nuclear war

North Korea Says Trump’s ‘Rocket Man’ Insult Makes Attack on U.S. ‘Inevitable’

North Korean foreign minister Ri Yong Ho addressing the United Nations General Assembly on Saturday in New York. Photo: Jewel Samad/AFP/Getty Images

The U.S. used bombers and fighter jets to stage a show of force off the North Korean coast on Saturday, two days after North Korea’s foreign minister threatened to conduct an atmospheric nuclear test somewhere over the Pacific Ocean. A small earthquake was also detected on Saturday in the same region where North Korea has previously conducted underground nuclear tests, though experts ultimately concluded that it was natural and not the result of a new explosion. Following these events, North Korea’s foreign minister suggested to the United Nations General Assembly that Trump’s recent rhetorical bluster has all but guaranteed a North Korean attack on the U.S. mainland.

The Pentagon said that Saturday’s bomber mission was meant to demonstrate the range of military options available to President Trump, adding that it was “the farthest north of the Demilitarized Zone (DMZ) any U.S. fighter or bomber aircraft have flown off North Korea’s coast in the 21st century, underscoring the seriousness with which we take its reckless behavior.”

During Trump’s first-ever address to the U.N. General Assembly on Tuesday, the president promised to “totally destroy” North Korea if the U.S. is forced to defend itself or its allies. Referring to North Korean leader Kim Jong-un’s nuclear ambitions, Trump then commented, “Rocket Man is on a suicide mission for himself and for his regime.” Trump’s incendiary remarks were reportedly a last-minute addition to the speech against the advice of some of his aides. On Thursday, the president announced a new round of sanctions on the regime, while China signaled that it would enforce existing sanctions more vigorously.

North Korean foreign minister Ri Yong-ho initially responded to Trump’s U.N. speech by remarking to reporters that, “If he was thinking he could scare us with the sound of a dog barking, that’s really a dog dream.” On Thursday, Kim Jong-un himself delivered a rare televised statement in response to Trump’s remarks, in which he announced that he would “surely and definitely tame the mentally deranged U.S. dotard with fire,” insisting that Trump will “pay dearly for his speech.”

Later that day, Foreign Minister Ri suggested that North Korea may conduct “the strongest hydrogen bomb test over the Pacific Ocean,” likely meaning an atmospheric test of a nuclear weapon — a legitimately terrifying possibility. Such a test, even if it were conducted successfully, would likely result in the release of an enormous amount of radioactive material, which could also mean major accompanying fallout. In the (very possible) event that the test were to go wrong and a hydrogen-bomb-tipped warhead exploded over a country like Japan — or even blew up on the launchpad in North Korea — the result could be catastrophic. No country has conducted a nuclear-weapons test in the atmosphere in more than 35 years, as every nuclear-armed country came to the conclusion that the tests were too dangerous.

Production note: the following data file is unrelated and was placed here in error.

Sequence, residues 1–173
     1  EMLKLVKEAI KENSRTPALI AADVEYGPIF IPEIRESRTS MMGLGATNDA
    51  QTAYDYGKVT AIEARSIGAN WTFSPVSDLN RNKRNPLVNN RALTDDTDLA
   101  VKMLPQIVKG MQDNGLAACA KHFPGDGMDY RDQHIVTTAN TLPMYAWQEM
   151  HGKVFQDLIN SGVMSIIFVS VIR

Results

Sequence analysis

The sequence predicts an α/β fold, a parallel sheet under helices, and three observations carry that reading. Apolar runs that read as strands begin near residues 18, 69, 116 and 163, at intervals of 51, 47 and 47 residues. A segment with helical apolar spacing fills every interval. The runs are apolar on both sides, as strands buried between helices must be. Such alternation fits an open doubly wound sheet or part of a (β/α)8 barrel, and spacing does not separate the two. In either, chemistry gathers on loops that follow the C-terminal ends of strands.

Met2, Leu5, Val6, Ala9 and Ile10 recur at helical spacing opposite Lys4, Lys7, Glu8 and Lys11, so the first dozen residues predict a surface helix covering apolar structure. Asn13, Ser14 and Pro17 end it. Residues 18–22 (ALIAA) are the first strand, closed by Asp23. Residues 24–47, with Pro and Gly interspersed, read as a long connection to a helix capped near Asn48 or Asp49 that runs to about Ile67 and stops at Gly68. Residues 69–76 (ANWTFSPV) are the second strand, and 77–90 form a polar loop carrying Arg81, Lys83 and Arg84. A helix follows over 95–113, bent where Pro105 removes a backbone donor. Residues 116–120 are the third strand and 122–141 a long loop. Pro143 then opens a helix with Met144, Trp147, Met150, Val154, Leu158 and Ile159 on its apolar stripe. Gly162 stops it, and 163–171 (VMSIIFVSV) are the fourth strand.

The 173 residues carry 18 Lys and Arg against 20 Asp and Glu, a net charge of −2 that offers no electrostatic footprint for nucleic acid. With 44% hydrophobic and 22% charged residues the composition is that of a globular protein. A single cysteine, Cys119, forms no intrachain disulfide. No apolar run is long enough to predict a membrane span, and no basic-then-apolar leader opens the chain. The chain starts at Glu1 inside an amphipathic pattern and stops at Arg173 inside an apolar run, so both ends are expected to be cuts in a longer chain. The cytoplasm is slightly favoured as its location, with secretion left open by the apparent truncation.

On Friday, Trump responded to the new threats by commenting on Twitter that “Kim Jong Un of North Korea, who is obviously a madman who doesn’t mind starving or killing his people, will be tested like never before!”

None of this is normal, and that makes it more than a little little scary, as North Korea and nonproliferation experts told Vox’s Zack Beauchamp on Friday:

The highly unusual nature of the Kim statement, together with the highly specific nature of the atmospheric nuclear test threat, suggests that the country may really be gearing up to do something provocative. And experts say that as long as Trump insists on handling the North with angry rhetoric like his Friday morning tweet, rather than working to calm tensions, the situation is likely to keep escalating. It’s gotten to the point where the risk of actual war is, according to the Arms Control Association’s Kingston Reif, “unacceptably high.”

“The cycle of the threats and counter-threats has entered an even more dangerous phase,” Reif explains. “We have two volatile leaders with nuclear weapons making it personal and further digging in with their reckless rhetoric.”

And it got worse on Saturday. During a speech to the U.N. General Assembly, Foreign Minister Ri fired back with more counter-ridicule and threats, calling Trump “a mentally deranged person full of megalomania and complacency” with his finger on “the nuclear button.” Ri also claimed that the president, in making his “Rocket Man” insult, “committed an irreversible mistake of making our rockets’ visit to the entire U.S. mainland inevitable all the more.”

“Trump might not have been aware what is uttered from his mouth, but we will make sure that he bears consequences far beyond his words, far beyond the scope of what he can handle, even if he is ready to do so,” Ri added, in a speech that took turns insulting and threatening Trump, while also making the case that North Korea’s nuclear-weapons program was justified, responsible, and intended as a deterrent to U.S. aggression.

“None other than Trump himself is on a suicide mission,” Ri insisted. It is a near certainty that the president will soon feel the need to respond, and possibly make the situation even worse, again.

North Korean FM: Trump’s ‘Rocket Man’ Insult Ensures Attack